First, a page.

O'Brien begins to write about the men in Alpha Company and their stories he starts story off by listing all of the physical objects that the members of the Alpha Company carry with them in Vietnam. They use all their personal objects as a way to lessen the emotional burdens that war brings upon soldiers bear. Many of the men have to handle the burden of tension between reality and fantasy as young men in a combat zone. Cross-believes his obsession with Martha and the life they might lead after the war, led to his men's death. He cannot let go of Ted Lavender's death and blames himself for it. His inner conflict with love and the war make his situation very difficult. The death of Ted is a symbol of inner conflict that Cross can never let it go. It will eat away at him forever. It displays how men in combat are life family, it hurts them just as if a real family member was to be killed.
Lt. Crosses love story about a women named Martha. Lieutenant Jimmy Cross carries reminders of his love for Martha. He met a girl in college in New Jersey who has given him no indication of her love for him. He carries her letters in his backpack and her good-luck charm on him at all times. After a long day, he takes out letters and reminisces the good times they had together before he left for the war. Though the letters are signed "Love, Martha" Lt. Cross knows that this is nothing more than a kind gesture. He begins to wonder if Martha is still single and if she is thinking about him at that moment. He carries a picture of her playing volleyball closer to his heart to hold on to the memories. The item Lt. Cross carries with him is love of Martha and his dreams that he can one day have a family with Martha. Henry Dobbins's carries his girlfriend's stockings, which he ties around his neck, to keep him from harm. He rationalizes wearing the stockings because their smell and feel remind him of his girlfriend and of a safer world that awaits him once he gets home. When the war ended and the soldiers returned home, soldiers realized that that their dreams were not always what they wanted. He puts his faith in his love for Martha because he has little faith in the war and that it gives him comfort.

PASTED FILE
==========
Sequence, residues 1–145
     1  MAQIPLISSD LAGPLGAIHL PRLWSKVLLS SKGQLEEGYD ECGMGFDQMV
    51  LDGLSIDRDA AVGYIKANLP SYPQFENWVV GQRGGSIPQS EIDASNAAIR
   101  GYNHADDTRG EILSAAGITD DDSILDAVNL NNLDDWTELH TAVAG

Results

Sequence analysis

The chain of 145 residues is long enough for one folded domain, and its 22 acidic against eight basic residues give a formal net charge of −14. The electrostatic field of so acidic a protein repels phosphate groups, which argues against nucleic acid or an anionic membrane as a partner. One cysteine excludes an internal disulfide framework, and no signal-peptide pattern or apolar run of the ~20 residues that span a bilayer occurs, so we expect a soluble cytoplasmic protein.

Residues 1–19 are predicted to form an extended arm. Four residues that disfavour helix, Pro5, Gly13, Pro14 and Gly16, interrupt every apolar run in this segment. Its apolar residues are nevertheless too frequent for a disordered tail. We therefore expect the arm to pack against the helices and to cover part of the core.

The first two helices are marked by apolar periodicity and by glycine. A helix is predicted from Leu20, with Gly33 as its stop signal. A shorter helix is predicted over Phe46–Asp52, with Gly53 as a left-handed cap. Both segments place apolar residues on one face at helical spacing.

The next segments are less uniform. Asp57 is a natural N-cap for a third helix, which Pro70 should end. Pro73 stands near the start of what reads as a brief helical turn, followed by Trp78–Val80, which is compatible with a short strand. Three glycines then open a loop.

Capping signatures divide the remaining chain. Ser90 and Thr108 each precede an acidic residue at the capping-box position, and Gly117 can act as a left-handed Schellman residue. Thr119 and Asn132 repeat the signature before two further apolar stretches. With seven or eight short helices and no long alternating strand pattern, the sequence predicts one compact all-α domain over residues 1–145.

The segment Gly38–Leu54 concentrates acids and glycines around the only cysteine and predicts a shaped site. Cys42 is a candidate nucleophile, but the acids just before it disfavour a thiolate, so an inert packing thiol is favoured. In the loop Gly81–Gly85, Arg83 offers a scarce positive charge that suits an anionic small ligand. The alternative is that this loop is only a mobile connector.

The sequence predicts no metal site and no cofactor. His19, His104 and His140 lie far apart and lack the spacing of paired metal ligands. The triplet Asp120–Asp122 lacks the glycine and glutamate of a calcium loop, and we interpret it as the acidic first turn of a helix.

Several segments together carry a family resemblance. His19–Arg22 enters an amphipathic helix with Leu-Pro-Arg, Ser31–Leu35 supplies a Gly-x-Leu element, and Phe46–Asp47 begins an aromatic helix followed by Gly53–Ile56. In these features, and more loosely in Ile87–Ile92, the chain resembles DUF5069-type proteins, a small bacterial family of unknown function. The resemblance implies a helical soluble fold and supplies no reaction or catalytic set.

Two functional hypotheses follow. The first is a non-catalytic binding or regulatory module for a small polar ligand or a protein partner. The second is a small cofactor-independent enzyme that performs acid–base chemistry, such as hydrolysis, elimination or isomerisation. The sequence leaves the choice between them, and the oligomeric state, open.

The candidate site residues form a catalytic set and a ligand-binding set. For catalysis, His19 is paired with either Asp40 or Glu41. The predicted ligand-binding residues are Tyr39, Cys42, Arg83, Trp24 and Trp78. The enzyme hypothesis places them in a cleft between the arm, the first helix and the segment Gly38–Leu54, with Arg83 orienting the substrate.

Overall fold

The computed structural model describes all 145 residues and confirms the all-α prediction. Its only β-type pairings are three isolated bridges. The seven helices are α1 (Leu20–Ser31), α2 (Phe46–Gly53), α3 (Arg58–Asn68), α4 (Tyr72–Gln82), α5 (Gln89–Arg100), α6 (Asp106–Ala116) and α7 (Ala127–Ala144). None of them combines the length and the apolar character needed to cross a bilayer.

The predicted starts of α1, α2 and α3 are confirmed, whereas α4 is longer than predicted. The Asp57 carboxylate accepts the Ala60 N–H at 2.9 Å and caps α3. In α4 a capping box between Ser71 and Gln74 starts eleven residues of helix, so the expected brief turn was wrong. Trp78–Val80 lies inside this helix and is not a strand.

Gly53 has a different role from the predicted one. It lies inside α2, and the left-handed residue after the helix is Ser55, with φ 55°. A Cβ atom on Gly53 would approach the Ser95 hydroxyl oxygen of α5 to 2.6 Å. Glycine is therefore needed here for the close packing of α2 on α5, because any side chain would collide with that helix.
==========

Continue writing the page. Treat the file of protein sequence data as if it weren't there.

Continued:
O'Brien goes on to talk about the burden he was carrying all throughout the war. When he was drafted by the military, he strong opposed to the war. When he receives the notice in the mail, he believes he is too good to fight in the war. O'Brien said "I'd come to this war a quiet, thoughtful sort of person, a college grad, Phi Beta Kappa and summa cum laude, all the credentials", but did not understand why a well educated man had to fight in this war (â€¦â€¦â€¦.). His town begins to pressure him to go but he decides to run to Canada. On his way to Canada, he feels that he will lose the respect of his family and community and returns home to be shipped off to Vietnam. O'Brien feels guilty about going to Vietnam against his principles. He questions his own motives and comes to realize that war is not just for poor men. Throughout the story he carries the guilt of having some of his best friends be from low income families and that he was wrong on his views of Vietnam and the people fighting for his freedom.